"Reading furnishes the mind only with materials of knowledge; it is thinking that makes what we read ours.".... ...John Locke.
Commentary of the Day - March 7, 2006: Ready or Not, Reading Matters.
Although not as well known as the SAT, the similar ACT exams are taken by more than a million high school seniors each year. The ACT exam consists of a 75-question English test that measures grammatical and rhetorical skills, a 60-question math test that assesses the skills acquired in high school mathematics through trigonometry, a 40-question reading test that measures comprehension, a 40-question science test that emphasizes reasoning and problem-solving skills, and an optional 30-minute writing test. Recently ACT released a report, Reading Between the Lines, that confirms what many of us who teach at the college or university level have known for a long time. Namely, that many of our entering students cannot read well enough to cope with the reading assignments they will encounter in their college classes.
The results from the 2005 ACT test showed that only 51% of the high school graduates who took the test met or exceeded the ACT benchmark for readiness to read college-level material. The individual ACT tests are scored on a 36-point scale, and the benchmark for reading readiness is set at 21 points. Students who meet or exceed the benchmark are significantly more likely to do well in their freshman courses than those who don't meet the benchmark. For example, students who meet or exceed the benchmark have a 63% chance of earning a B or better in freshman U.S. History courses compared to 36% for those students who don't meet the benchmark.
The ACT reading test is thorough enough so that specific reading problems can be identified. The major finding from the recent ACT test is that "performance on complex texts is the clearest differentiator in reading between students who are more likely to be ready for college and those who are less likely to be ready."
The ACT reading test includes textual passages with three levels of difficulty -- "uncomplicated", "more challenging", and "complex". Complex material is difficult to read because it includes subtle relationships among ideas or characters, and relatively sophisticated information that must be decoded from either data or literary devices. In addition, this level of material often includes elaborate structure, intricate use of language, and sophisticated vocabulary. Often, the author's purpose may be more implicit than explicit.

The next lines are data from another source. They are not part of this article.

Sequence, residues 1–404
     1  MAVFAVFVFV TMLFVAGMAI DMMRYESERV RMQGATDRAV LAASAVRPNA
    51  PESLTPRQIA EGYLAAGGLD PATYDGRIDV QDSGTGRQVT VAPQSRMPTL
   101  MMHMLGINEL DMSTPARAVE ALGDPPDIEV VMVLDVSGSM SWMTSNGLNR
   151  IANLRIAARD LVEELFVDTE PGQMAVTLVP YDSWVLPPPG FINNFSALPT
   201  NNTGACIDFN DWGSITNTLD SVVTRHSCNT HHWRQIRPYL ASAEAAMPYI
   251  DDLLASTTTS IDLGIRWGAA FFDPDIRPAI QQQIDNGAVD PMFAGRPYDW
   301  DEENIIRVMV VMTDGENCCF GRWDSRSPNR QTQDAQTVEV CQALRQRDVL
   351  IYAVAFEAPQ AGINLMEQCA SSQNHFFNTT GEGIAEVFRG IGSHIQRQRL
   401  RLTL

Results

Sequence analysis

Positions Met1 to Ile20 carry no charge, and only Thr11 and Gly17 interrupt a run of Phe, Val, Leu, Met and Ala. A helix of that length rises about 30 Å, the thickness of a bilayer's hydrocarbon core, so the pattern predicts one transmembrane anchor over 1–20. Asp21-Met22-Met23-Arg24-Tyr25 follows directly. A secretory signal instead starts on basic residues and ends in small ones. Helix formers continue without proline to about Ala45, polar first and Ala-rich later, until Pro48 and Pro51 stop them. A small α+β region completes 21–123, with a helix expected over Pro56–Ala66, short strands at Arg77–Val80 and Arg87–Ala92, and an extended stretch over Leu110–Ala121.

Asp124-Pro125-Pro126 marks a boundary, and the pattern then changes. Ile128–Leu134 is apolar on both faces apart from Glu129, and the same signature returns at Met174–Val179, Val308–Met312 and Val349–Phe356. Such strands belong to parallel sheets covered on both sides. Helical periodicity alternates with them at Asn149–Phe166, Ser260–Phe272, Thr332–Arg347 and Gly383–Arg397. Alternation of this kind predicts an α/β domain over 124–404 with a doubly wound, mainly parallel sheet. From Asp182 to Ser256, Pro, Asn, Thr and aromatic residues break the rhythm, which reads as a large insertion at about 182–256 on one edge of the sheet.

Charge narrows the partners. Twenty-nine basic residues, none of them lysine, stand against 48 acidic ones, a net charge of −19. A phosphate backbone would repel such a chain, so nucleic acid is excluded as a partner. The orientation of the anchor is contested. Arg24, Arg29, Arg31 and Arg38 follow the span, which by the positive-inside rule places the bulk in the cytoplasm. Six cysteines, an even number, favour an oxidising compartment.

The ACT report includes a number of recommendations for helping students develop the ability to read complex texts. They include a call to strengthen state reading standards, which often do not address text complexity and which often are not specific about the progress that students should make in reading as they progress through high school. And, predictably, they suggest that more complex texts should be assigned in all high school classes, not just in English classes.
However, it is not as easy as it sounds to introduce more complex reading assignments across the high school curriculum. The high school curriculum has changed considerably in the past few decades. In most high schools there no longer is a clear delineation between college preparatory courses and other vocational or "general" courses. "Tracking" now is politically incorrect; and, there is a more or less tacit assumption that all high school students eventually will go on to some sort of post-secondary education, whether it be a community college or a more traditional higher education experience. The high school curriculum reflects this assumption; and, indeed, in some states the college preparatory curriculum is more or less mandated.
In reality, of course, high school students possess the same range of talents and interests that they always have. That means that a fair number of them either lack the talent or the interest to pursue a college degree. To cope with this reality while at the same time serving up courses that at least nominally are intended to prepare students for college, the textbook writers have been "dumbing down" their offerings for a number of years. Whether it's a history book or a physics book, it doesn't matter. There has been a conscious effort on the part of textbook writers to ensure that their texts are easy to read. Sentence structure is kept short and direct; and, efforts are made to keep the vocabulary needed to a bare minimum.
So long as these dumbed down texts continue to be adopted by state and local school boards there is little hope that the average college-bound student will be exposed to the more difficult reading assignments that would help him or her develop the kind of reading skills that will be needed in college. There is an exception, of course. Those high school students who can take advanced placement courses usually will be exposed to more challenging reading assignments. Unfortunately, not all high schools can offer a rich assortment of advanced placement classes, and some offer none at all.
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